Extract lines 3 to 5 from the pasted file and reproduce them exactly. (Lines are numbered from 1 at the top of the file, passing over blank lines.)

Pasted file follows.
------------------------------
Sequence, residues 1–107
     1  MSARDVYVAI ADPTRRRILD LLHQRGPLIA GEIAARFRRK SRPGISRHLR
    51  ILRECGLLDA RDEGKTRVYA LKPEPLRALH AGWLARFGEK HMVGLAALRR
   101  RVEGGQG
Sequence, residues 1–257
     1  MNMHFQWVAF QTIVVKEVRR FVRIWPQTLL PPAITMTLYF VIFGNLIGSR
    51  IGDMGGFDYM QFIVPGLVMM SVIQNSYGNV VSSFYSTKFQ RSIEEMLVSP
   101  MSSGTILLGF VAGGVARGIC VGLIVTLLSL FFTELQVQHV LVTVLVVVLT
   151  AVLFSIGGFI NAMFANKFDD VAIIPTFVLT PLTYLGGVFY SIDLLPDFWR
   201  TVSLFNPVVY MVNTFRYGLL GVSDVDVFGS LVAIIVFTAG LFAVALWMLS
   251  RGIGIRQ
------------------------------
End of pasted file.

    51  ILRECGLLDA RDEGKTRVYA LKPEPLRALH AGWLARFGEK HMVGLAALRR
   101  RVEGGQG
Sequence, residues 1–257